Having long ago settled down after the turmoil of the early 1980s, gold prices have continued to decline steadily from their recent peak of February 1996, as have prices on the futures market. The difference between the spot and futures price, called the basis, has shown less movement (as expected), although the futures price has exceeded the spot price by a wider margin since late 1996. Normally the ease of storage and large outstanding stock of gold make it a full-carry market, that is, on in which the futures price equals the spot price plus the cost of carry (storage and financing). This implies that futures prices exceed spot prices, producing a negative basis, a situation known to futures traders as a contango.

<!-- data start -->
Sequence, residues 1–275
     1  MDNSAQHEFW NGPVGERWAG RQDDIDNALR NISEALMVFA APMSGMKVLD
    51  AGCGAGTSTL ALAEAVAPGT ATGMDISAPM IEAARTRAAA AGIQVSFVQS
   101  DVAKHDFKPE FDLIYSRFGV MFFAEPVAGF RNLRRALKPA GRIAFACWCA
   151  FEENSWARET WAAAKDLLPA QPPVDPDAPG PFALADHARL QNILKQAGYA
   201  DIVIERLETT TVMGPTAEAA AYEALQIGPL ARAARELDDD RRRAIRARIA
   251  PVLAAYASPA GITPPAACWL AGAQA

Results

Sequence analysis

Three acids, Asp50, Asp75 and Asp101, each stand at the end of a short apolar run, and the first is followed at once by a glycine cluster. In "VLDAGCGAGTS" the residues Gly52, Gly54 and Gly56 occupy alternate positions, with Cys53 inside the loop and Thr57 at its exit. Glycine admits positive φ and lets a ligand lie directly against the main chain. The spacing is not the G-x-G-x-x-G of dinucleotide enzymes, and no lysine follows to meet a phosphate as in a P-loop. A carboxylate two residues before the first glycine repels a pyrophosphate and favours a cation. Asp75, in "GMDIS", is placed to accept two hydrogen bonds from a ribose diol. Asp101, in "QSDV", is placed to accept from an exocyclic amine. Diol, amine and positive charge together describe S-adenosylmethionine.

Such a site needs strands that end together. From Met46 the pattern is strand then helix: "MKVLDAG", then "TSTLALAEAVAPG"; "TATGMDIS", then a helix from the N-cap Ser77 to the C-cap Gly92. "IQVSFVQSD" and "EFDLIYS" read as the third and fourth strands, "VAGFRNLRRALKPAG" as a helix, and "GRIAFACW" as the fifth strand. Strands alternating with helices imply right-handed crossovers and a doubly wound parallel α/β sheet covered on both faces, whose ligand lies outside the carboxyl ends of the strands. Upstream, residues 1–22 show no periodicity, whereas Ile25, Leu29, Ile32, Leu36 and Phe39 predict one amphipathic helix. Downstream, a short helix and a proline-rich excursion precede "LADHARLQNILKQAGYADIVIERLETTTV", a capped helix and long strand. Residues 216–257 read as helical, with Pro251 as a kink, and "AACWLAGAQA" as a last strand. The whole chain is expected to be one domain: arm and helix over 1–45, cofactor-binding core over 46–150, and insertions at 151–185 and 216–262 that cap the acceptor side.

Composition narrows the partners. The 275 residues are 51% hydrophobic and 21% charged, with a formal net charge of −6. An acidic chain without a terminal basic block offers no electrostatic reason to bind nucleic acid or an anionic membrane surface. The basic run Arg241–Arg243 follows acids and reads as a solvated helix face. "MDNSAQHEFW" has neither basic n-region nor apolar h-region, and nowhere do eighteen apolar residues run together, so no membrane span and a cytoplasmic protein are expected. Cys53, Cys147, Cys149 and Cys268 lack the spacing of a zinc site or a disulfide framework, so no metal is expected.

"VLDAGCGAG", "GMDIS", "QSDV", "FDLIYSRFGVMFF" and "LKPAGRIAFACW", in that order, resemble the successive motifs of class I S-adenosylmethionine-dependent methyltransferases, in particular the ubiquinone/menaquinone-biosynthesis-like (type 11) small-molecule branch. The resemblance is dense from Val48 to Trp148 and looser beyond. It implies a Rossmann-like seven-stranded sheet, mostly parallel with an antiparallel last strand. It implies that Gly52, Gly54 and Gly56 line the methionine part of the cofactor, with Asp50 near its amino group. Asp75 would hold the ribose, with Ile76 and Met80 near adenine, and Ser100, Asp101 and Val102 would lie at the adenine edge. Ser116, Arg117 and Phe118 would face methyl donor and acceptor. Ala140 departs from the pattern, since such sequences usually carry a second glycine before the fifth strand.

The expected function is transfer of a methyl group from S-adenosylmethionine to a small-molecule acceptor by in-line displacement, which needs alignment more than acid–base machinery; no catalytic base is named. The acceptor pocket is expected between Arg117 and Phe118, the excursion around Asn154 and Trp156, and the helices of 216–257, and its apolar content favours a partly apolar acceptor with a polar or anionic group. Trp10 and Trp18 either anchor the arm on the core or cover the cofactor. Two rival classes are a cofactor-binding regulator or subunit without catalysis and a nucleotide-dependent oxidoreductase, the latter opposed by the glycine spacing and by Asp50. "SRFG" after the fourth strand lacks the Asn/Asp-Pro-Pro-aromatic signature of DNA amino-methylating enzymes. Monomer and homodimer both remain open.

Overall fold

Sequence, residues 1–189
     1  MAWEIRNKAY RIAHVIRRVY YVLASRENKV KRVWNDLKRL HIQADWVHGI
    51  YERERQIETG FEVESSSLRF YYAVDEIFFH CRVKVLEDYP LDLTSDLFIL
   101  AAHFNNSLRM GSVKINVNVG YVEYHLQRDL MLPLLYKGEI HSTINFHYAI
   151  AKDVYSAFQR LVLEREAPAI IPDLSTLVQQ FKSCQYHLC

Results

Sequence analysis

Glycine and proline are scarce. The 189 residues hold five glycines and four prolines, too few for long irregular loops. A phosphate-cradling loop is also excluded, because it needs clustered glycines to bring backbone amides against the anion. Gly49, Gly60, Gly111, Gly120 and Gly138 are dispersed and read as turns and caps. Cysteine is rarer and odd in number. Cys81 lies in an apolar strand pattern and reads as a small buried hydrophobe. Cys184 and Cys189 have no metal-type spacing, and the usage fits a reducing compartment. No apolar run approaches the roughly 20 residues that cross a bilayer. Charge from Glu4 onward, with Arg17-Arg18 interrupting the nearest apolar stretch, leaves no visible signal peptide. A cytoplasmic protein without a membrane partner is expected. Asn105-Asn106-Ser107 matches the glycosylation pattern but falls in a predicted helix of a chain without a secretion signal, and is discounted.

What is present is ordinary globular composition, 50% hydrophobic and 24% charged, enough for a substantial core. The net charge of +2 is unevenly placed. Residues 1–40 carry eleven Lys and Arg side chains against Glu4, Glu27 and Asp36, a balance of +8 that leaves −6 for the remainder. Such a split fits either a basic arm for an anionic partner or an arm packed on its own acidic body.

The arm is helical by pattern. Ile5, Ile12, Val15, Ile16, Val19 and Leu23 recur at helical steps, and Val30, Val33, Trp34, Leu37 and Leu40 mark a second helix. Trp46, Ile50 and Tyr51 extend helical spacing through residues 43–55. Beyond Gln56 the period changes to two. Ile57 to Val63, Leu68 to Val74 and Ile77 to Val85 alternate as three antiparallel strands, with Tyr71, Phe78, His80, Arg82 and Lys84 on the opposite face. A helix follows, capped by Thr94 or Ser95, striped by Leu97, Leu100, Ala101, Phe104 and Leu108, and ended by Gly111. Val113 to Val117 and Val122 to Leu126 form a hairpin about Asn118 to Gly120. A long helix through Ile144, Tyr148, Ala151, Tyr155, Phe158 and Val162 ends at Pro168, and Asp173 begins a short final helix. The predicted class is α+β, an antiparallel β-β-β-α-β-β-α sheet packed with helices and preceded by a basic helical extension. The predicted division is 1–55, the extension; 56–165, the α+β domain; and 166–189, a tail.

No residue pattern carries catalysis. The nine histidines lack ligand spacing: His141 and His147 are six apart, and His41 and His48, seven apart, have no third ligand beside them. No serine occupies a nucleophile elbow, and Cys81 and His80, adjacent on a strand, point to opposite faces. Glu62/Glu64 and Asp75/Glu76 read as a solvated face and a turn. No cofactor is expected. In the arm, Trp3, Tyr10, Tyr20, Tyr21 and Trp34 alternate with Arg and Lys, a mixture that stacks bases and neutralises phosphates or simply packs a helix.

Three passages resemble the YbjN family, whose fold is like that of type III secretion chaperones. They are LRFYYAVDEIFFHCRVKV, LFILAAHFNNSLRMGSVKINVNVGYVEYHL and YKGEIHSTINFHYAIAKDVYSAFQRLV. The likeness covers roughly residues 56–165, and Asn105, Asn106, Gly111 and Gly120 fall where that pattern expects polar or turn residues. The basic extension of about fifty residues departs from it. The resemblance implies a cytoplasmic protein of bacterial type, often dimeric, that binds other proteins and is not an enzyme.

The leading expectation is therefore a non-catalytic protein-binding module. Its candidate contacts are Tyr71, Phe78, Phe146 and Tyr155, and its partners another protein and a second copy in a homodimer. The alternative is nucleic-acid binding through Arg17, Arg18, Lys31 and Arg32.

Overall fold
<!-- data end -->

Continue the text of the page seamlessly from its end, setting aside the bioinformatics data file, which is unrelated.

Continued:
Suggested citation: “Gold Markets,” Federal Reserve Bank of Cleveland, Economic Trends, no. 97-06, pp. 06, 06.01.1997.